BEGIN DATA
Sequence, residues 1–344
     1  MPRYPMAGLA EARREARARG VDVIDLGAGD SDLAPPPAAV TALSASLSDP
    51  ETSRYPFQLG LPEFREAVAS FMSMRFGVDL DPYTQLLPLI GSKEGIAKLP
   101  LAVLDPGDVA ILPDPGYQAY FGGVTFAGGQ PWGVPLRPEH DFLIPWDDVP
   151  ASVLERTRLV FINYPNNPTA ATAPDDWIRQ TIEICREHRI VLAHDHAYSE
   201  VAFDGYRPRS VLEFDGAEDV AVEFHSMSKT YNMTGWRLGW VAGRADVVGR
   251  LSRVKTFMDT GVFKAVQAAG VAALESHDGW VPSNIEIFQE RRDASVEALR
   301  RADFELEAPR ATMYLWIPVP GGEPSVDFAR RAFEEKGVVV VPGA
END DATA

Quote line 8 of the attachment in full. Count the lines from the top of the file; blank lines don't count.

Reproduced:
   301  RADFELEAPR ATMYLWIPVP GGEPSVDFAR RAFEEKGVVV VPGA